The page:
5 ways to make social media work for doctors and their patients

There’s no question that social media is taking root in the healthcare field, and will only continue to grow in importance.  According to a recent Pew Internet survey, four out of five Internet users have searched for health information online, making health one of the most searched topics on the internet. While on the one hand, this is good news for doctors since patients are often using the information they get online to get better informed and prepared for their doctor visits, on the other hand it can lead to a glut of potential misinformation.  After all, anyone with Internet access can set up a health blog, no credentials required. That’s why it’s becoming increasingly important for doctors to get involved in the online discussion. Think you don’t have time, are you worried about privacy and regulatory issues, or you don’t know where to begin? Participating in a consumer-facing social media platform doesn’t have to be as complicated or time-consuming as you may think. These five simple suggestions will help you on the road toward social media success.

1. Mind your time.  One of the things I hear over and over from doctors is that they simply don’t have time to participate in social media.  Contrary to what you might think, engaging online doesn’t have to require a huge time commitment.  There are many forms of social media available to doctors today, and it doesn’t have to mean writing constant Facebook or Twitter posts or managing a blog that needs daily updates.  Instead, you can choose a less time-consuming format such as an online Q&A forum where the doctor-patients channel is already established.  Find a site that provides a platform that makes it easy for you to maintain an online profile and answer patient questions, as your schedule allows.

2. Transparency is king.  Let’s face it: A face-to-face doctor visit is never going to be replaced by websites or blogs. But the more information you can provide about yourself and your credentials, the more patients can trust the information they are getting online, and will use the information to be better informed and prepared when they do visit their doctor. Look for a social media platform that offers features such as a searchable online directory that provides clear and detailed profile information about medical providers in its directory, including licensing information and status (including board certification), disciplinary history, education, employer and contact information.  The last point is important, especially if you want to use social media to help grow your practice and generate new patients.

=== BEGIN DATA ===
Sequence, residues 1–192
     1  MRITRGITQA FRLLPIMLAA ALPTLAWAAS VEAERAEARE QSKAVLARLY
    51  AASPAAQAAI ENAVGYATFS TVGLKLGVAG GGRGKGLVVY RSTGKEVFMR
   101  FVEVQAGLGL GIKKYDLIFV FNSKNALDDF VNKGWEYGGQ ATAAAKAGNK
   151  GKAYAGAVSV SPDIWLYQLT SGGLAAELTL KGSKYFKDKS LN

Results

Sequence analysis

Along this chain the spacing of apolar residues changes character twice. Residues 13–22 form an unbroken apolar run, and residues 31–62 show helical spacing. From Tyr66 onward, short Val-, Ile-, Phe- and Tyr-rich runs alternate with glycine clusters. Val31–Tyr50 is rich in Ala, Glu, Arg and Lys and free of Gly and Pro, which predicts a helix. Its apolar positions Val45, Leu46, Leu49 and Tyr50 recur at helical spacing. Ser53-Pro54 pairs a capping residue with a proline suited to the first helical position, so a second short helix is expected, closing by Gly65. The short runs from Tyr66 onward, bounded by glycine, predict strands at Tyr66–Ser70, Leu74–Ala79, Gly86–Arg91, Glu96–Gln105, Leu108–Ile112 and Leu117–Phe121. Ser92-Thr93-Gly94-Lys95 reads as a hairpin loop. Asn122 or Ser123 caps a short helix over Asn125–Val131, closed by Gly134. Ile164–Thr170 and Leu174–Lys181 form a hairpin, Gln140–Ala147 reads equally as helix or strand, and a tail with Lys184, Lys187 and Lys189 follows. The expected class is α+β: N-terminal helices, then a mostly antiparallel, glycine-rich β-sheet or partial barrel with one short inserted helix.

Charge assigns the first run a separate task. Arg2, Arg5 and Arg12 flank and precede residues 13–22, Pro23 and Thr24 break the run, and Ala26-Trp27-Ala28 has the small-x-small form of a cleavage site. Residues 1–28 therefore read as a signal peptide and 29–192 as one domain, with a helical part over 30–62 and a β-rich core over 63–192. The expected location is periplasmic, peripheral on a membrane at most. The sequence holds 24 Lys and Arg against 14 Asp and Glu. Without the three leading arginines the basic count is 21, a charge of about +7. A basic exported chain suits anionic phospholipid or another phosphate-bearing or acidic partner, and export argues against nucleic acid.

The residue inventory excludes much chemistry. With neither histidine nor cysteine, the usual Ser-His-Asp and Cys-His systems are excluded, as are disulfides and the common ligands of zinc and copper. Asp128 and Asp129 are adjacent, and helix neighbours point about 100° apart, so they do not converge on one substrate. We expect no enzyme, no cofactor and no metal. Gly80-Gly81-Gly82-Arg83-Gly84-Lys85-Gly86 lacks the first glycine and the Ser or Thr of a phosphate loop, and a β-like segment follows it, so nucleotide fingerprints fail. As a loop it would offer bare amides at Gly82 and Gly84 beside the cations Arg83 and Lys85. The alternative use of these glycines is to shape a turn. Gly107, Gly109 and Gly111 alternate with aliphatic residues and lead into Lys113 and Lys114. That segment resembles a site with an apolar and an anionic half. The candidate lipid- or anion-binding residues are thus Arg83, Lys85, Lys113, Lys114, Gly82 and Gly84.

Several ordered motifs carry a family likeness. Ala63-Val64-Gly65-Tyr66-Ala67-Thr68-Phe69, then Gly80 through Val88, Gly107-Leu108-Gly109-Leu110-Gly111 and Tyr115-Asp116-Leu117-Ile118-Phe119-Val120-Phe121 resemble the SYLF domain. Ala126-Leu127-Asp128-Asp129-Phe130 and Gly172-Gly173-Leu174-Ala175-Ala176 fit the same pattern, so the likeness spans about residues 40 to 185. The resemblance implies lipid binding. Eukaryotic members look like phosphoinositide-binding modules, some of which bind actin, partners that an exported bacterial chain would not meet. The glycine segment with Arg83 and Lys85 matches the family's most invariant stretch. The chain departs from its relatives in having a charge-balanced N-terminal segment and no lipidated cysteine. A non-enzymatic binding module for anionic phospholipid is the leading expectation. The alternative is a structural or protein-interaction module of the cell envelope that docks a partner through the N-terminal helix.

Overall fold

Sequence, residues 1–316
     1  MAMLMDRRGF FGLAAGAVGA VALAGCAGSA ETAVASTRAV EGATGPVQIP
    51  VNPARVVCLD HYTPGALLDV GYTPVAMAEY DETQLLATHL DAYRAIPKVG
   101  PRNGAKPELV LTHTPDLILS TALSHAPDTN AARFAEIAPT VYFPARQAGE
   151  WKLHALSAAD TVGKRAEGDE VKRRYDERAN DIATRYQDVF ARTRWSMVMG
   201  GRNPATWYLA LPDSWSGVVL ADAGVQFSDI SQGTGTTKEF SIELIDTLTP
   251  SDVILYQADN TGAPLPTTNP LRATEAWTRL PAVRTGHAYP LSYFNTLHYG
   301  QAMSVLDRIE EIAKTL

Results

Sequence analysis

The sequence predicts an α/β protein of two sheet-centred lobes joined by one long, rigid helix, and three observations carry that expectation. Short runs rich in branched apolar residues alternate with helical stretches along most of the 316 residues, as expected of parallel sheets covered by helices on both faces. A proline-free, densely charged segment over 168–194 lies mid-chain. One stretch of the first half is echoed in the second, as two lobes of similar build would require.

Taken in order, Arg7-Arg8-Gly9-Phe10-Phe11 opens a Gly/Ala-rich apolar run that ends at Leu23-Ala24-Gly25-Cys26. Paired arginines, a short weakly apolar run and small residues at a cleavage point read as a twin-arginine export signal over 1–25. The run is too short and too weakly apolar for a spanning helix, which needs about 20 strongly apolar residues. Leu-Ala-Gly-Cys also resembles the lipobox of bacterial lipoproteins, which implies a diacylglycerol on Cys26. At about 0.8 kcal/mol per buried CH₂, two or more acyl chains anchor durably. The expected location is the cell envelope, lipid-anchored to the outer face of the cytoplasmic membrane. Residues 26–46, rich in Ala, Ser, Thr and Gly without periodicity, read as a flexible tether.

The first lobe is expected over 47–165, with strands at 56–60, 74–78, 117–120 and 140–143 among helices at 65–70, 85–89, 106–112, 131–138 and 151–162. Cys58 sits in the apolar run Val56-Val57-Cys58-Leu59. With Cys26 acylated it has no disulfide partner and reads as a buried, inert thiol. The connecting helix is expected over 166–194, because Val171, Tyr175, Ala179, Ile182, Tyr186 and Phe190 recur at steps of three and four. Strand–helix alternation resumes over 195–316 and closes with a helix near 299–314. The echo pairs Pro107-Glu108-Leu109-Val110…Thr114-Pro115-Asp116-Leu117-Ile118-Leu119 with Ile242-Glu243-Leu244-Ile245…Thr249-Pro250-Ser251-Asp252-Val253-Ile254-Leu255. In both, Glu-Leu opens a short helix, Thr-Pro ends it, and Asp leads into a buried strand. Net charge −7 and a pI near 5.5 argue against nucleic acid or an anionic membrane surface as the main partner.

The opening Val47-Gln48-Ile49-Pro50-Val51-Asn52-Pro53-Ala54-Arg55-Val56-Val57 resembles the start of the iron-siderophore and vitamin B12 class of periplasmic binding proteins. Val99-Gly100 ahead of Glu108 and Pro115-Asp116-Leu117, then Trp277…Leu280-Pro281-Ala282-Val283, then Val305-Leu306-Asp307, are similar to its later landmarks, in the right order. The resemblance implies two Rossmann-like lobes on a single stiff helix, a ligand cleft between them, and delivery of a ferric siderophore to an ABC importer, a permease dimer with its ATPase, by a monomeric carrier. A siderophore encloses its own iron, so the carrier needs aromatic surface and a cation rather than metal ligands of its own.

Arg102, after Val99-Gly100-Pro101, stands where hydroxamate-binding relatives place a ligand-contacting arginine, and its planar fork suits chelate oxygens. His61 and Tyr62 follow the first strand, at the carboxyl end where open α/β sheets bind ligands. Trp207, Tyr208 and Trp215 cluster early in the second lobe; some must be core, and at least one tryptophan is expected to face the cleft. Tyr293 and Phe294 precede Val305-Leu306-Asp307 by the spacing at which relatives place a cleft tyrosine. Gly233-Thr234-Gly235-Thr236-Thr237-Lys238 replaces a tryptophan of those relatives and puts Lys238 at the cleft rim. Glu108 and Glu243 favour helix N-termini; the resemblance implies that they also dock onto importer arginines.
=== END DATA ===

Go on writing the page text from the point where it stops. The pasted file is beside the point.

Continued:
3. Size matters. Yes, when it comes to social media, finding a platform with a sizable installed user base of patients and doctors is important.  Not only does this help you reach patients more efficiently, but it also means that the platform has proven itself to be a safe and trustworthy place for patients and doctors to engage with one another.  While common sense dictates that you not engage in confidential doctor/patient conversations in a public forum, look for sites that have clear community guidelines for respectful and trusted online communications.  The internet has proven itself to be incredibly good at weeding out the bad and promoting the good. You’ll know a site can be trusted if it has a large community of people using the service.

4. Bring on the critics. People tend to trust their peers when searching online, which is why consumer reviews are becoming more and more popular for everything from restaurants and travel destinations, to yes, even doctors. Rather than shy away from sites that allow patients to write reviews, embrace them.  At Avvo, we’ve found that our users overwhelmingly want to share their positive experiences and provide constructive feedback that can be helpful to others.  By encouraging patient and peer reviews, you’re going one step further to build deeper trust with your patients.

5. Take two. Needless to say, it’s probably a good idea to keep your business and personal matters separate (after all, do you really want your patients to comment on your dog photos?).  While many of us have Facebook pages or Twitter accounts to stay in touch with friends and family, you probably don’t want your patients following you there too.  Instead, seek out a separate social media platform that is more appropriate for patient engagement, such as an online health-focused community.  This will make it easier for you to engage with patients, without having to explain that triple scoop ice-cream cone you indulged in over the weekend.

Mark Britton is the founder and CEO of Avvo, a free resource that rates and profiles 90% of all doctors and lawyers in the U.S.

Submit a guest post and be heard on social media’s leading physician voice.

View 7 Comments >